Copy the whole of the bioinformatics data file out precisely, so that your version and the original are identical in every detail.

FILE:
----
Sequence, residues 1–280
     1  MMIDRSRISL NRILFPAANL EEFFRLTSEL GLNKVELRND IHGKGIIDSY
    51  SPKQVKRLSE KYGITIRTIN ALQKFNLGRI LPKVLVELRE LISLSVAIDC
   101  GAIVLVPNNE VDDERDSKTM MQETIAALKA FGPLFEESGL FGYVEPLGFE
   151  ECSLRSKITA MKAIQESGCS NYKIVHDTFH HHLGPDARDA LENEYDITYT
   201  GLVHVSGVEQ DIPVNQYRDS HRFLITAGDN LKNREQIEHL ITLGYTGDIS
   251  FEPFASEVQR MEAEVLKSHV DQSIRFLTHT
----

Sequence, residues 1–280
     1  MMIDRSRISL NRILFPAANL EEFFRLTSEL GLNKVELRND IHGKGIIDSY
    51  SPKQVKRLSE KYGITIRTIN ALQKFNLGRI LPKVLVELRE LISLSVAIDC
   101  GAIVLVPNNE VDDERDSKTM MQETIAALKA FGPLFEESGL FGYVEPLGFE
   151  ECSLRSKITA MKAIQESGCS NYKIVHDTFH HHLGPDARDA LENEYDITYT
   201  GLVHVSGVEQ DIPVNQYRDS HRFLITAGDN LKNREQIEHL ITLGYTGDIS
   251  FEPFASEVQR MEAEVLKSHV DQSIRFLTHT